The term “disability,” for the purposes of § 31-349, refers to a claimant’s inability to work and loss of earning capacity. Williams v. Best Cleaners, 235 Conn. 778, 785 (1996). In computing the first 104 weeks of disability under that statute, it is manifest that periods of total disability and partial disability under §§ 31-307 and 31-308(a) fall within that definition. Additionally, § 31-308(b) specific indemnity benefits are paid on account of disability, as they compensate a claimant for “the resulting handicap through life by reason of the loss, or loss of the use, of certain members of the body.” Panico v. Sperry Engineering Co., 113 Conn. 707, 710 (1931). Such benefits are paid in addition to total incapacity but “in lieu of all other payments for compensation” under the Workers’ Compensation Act, and are characterized similarly to partial incapacity benefits. See Paternostro v. Edward Coon Co., 217 Conn. 42, 48-49 (1991). There is no dispute that a claimant entitled to benefits under these statutes is disabled under § 31-349.
Section 31-308(d) benefits, on the other hand, are defined as additional to compensation for total or partial incapacity, including specific indemnity benefits. Our Supreme Court has noted that “an award for disfigurement may be made even though a claimant . . . is unable to prove that the disfigurement is likely to cause any loss of earnings or earning capacity.” Dombrowski v. Fafnir Bearing Co., 148 Conn. 87, 90 (1961). Whereas total disability and specific indemnity benefits are not concurrently payable, see Paternostro, supra, 49, a scarring award may be paid contemporaneously with total incapacity benefits. Scalora v. Dattco, Inc., 39 Conn. Sup. 449, 451-54 (1983). “[O]ne cannot be at once totally and partially incapacitated. Conversely, one can be simultaneously incapacitated and disfigured.” Id., 452. Both the language of the statute and our caselaw make it clear that disfigurement and incapacity are separate concepts under the Workers’ Compensation Act. See also Dombrowski, supra, 88.
Moreover, our legislature revised § 31-308(d) [now § 31-308(c)] in 1993 to allow a scarring award for “any permanent significant disfigurement of, or permanent significant scar on, (A) the face, head or neck, or (B) on any other area of the body which handicaps the employee in obtaining or continuing to work.” No compensation may be otherwise awarded for scarring or disfigurement. P.A. 93-228. The legislature recognized that separate compensation for scarring was obtainable under the current law regardless of the scar’s location or impact on earning potential, so long as the scar was permanent and significant. Under the amended law, scarring that does not affect employability is no longer compensable unless it is on the face, neck or hands, even though permanency and disability from the injury causing the scar may be compensated. 1993 Conn. H. R., Vol. 36, Part 18 p. 6178-79 (remarks of Rep. Lawlor). Thus, the distinction between disfigurement and disability was reemphasized in the context of narrowing eligibility for scarring awards.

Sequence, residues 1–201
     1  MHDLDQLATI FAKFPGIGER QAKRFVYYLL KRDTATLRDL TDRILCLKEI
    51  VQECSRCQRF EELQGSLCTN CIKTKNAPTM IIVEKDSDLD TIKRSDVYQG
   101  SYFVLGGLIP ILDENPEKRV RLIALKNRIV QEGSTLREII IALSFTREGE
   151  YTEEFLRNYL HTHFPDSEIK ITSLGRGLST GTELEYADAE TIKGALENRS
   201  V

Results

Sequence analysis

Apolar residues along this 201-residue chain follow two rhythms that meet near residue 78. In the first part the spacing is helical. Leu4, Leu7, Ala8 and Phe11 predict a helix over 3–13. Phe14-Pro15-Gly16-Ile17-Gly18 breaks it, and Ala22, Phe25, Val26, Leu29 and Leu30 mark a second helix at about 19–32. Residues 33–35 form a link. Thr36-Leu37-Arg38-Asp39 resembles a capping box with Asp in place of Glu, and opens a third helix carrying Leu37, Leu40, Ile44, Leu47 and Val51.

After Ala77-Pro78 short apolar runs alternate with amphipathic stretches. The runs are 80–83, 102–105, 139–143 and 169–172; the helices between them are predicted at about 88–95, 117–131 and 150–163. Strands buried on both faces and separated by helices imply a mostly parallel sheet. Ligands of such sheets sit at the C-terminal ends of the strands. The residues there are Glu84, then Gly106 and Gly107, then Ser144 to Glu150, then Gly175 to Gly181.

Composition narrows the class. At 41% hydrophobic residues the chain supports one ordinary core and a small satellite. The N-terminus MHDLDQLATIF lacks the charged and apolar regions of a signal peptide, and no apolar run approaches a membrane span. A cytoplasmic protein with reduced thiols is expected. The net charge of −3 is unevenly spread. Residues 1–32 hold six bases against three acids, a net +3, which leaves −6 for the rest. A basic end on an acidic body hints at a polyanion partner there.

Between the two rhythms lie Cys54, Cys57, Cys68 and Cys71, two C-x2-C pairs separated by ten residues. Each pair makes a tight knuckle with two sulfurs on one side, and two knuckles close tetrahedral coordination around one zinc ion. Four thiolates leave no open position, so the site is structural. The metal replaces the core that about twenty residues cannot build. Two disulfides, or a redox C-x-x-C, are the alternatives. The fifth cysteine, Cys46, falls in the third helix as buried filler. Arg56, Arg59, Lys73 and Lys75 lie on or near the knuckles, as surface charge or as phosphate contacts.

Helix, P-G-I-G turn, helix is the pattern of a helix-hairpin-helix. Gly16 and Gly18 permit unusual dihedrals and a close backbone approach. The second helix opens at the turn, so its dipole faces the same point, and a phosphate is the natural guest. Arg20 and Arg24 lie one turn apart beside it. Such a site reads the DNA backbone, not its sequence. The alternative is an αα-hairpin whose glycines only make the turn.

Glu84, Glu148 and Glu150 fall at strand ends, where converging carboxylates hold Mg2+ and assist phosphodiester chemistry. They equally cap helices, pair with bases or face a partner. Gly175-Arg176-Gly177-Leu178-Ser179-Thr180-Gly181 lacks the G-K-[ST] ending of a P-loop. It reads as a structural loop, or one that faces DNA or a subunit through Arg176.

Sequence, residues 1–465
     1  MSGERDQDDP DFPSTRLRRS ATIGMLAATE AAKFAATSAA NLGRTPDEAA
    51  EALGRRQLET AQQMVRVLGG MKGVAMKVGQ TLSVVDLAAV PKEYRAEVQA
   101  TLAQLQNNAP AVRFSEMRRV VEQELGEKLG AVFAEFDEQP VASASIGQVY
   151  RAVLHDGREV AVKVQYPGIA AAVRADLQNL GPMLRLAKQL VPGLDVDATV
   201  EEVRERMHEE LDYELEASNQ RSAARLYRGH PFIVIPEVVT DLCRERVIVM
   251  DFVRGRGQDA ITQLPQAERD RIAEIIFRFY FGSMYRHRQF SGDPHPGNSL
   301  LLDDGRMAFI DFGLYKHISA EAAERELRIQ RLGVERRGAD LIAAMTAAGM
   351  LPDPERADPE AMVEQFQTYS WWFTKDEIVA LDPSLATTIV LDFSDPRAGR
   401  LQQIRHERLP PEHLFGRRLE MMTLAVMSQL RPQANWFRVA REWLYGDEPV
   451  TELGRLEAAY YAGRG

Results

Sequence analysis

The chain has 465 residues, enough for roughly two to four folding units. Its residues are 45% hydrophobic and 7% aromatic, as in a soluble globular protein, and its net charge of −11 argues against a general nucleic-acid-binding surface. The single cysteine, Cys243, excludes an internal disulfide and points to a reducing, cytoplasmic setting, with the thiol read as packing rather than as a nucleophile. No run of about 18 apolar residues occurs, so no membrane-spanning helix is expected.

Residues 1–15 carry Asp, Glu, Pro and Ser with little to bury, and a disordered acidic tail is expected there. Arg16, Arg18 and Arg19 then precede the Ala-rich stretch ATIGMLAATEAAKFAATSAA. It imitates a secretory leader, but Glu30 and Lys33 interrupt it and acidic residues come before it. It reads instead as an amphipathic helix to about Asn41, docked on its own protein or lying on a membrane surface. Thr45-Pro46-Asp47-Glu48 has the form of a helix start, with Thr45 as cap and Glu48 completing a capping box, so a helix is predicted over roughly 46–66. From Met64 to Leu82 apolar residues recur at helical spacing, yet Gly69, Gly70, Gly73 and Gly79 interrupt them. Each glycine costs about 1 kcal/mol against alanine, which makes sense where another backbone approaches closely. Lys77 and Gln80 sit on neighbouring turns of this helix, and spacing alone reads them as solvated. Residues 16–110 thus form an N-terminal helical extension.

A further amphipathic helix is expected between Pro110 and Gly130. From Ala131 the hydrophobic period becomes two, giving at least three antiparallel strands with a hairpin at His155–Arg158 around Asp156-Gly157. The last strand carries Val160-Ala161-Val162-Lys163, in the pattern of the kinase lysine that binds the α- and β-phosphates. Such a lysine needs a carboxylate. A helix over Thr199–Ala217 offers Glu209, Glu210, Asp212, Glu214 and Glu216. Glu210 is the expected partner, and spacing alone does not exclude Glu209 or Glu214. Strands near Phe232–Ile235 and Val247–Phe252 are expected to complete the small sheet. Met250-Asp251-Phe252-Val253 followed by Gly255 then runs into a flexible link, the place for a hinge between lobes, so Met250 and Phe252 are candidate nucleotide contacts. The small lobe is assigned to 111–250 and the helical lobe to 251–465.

These factors persuade us that the claimant’s scarring award should not have been included in the computation of his first 104 weeks of disability under § 31-349. The trial commissioner’s reliance on Tomkus, supra, in his Finding and Award was misplaced. That case dealt only with the issue of when a scarring award becomes payable and who is liable for it. There is nothing in Tomkus to indicate that a scarring award is a form of disability compensation rather than separate compensation for disfigurement.
The trial commissioner’s decision is reversed.
Commissioners Roberta Smith Tracy and Amado J. Vargas concur.